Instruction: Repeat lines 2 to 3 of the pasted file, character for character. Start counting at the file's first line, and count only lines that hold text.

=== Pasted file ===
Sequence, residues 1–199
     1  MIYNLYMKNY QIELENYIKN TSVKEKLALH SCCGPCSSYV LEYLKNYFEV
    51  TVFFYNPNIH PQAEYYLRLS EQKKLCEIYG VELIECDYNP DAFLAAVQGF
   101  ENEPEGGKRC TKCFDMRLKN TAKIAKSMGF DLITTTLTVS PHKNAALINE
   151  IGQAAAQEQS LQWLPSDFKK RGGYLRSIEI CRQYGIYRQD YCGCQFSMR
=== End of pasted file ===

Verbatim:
     1  MIYNLYMKNY QIELENYIKN TSVKEKLALH SCCGPCSSYV LEYLKNYFEV
    51  TVFFYNPNIH PQAEYYLRLS EQKKLCEIYG VELIECDYNP DAFLAAVQGF